Advantages and Limitations of Vacuum Deposition Processes

Vacuum deposition has advantages and limitations relative to other physical vapor deposition (PVD) techniques. Advantages of vacuum deposition include:

• Line-of-sight deposition allows the use of masks to define the area of deposition.

• Large-area sources can be used for some materials (for example, "hog trough" boat crucibles for aluminum and zinc).

• High deposition rates can be obtained.

• Deposition rate monitoring is relatively easy.

• Vaporization source material can be in many forms (for example, chunks, powder, wire, chips, and so on).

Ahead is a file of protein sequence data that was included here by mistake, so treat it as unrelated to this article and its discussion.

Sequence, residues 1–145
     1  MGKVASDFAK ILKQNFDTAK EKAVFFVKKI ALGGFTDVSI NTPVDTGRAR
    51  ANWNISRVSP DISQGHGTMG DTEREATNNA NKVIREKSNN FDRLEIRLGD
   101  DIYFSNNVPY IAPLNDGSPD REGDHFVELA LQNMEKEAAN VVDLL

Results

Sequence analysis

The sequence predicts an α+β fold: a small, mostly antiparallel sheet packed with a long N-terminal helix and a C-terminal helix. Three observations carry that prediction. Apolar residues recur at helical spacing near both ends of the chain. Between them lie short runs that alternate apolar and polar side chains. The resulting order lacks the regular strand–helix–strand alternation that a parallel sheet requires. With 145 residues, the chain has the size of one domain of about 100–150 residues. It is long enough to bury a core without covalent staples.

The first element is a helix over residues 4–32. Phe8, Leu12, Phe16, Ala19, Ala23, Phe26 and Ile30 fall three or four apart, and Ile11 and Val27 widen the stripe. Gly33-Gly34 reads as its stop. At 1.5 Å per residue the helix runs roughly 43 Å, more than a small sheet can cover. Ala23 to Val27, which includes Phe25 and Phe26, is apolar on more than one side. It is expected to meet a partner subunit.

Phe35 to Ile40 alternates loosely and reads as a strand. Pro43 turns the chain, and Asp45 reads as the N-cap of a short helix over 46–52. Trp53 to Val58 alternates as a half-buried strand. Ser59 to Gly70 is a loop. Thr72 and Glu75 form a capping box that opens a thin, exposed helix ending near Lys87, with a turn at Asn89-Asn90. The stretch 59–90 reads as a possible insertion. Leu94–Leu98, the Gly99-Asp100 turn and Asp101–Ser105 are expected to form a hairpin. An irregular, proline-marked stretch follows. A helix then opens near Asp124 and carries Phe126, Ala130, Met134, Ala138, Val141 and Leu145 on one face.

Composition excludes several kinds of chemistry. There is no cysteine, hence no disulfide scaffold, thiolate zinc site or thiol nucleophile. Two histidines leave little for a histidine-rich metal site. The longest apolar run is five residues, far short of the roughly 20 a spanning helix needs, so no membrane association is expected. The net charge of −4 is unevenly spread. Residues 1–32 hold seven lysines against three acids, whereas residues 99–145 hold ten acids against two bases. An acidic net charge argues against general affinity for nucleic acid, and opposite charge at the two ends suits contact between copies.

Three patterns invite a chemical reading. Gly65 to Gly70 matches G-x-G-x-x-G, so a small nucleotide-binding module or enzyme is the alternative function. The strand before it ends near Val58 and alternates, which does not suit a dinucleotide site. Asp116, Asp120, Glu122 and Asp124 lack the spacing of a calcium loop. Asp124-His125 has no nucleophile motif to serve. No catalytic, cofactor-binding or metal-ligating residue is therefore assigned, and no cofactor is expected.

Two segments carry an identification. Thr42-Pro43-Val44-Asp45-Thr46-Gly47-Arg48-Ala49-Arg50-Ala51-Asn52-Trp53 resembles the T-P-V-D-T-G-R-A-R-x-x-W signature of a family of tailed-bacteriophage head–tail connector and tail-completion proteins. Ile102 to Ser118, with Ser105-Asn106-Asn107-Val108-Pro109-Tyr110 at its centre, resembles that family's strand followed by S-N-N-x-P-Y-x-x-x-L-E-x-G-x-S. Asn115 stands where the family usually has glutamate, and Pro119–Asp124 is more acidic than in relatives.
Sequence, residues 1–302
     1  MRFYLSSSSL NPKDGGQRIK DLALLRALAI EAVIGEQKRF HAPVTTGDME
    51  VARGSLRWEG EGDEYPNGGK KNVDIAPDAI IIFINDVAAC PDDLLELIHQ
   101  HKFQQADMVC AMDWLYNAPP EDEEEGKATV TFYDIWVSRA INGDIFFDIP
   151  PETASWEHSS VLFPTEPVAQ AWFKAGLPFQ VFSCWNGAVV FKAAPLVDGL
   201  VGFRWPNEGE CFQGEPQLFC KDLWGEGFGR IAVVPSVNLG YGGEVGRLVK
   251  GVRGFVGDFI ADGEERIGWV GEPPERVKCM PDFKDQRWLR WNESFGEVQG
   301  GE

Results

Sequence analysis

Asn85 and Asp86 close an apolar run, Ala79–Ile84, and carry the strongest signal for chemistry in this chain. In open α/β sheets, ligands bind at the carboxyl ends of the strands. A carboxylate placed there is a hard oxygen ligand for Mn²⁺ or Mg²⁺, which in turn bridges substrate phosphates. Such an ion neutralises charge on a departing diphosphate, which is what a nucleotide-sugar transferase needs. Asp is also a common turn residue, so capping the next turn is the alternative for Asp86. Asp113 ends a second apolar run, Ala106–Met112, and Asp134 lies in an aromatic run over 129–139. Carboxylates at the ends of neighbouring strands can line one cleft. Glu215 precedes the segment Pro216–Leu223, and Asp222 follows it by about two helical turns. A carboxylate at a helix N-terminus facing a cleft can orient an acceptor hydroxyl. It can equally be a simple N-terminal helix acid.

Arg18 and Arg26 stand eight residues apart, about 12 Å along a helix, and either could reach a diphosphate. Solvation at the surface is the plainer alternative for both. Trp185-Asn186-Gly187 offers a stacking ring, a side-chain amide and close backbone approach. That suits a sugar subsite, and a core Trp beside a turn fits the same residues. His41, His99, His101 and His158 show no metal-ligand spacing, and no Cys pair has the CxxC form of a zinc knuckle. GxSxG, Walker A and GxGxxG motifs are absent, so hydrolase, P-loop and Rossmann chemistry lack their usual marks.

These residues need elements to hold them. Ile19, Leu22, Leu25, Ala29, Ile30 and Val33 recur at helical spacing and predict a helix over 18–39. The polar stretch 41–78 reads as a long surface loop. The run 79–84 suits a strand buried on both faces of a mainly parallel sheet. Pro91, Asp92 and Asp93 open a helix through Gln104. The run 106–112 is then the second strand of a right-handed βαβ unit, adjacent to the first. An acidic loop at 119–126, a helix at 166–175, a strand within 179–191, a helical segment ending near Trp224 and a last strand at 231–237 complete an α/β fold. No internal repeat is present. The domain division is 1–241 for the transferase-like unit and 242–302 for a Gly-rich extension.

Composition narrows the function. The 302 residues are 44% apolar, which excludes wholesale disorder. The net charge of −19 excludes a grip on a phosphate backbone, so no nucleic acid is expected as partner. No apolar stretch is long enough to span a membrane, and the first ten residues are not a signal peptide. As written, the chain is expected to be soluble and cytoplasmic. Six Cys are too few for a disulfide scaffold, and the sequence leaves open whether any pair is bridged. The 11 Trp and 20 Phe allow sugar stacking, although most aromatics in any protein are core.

• Vaporization source material of high purity is relatively inexpensive.

• High-purity films are easily deposited from high-purity source material, because the deposition ambient can be made as noncontaminating as required.

• The technique is relatively inexpensive compared to other PVD techniques.

Limitations of vacuum deposition include:

• Line-of-sight deposition gives poor surface coverage, thus requiring elaborate tooling and fixturing.

• Line-of-sight deposition prevents uniform deposits over a large surface area unless complex fixturing and tooling are available.

• Deposition of many alloys and compounds is difficult.

• Capital equipment costs are high relative to those of other deposition techniques (for example, electroplating).

• High radiant heat loads are required during processing.

• Vaporized material is used inefficiently.

• Film properties are suboptimal (typical defects include pinholes, less than bulk density, columnar morphology, high residual film stress, and so on).

• Few processing parameters are available to control film properties.

0 0

Post a comment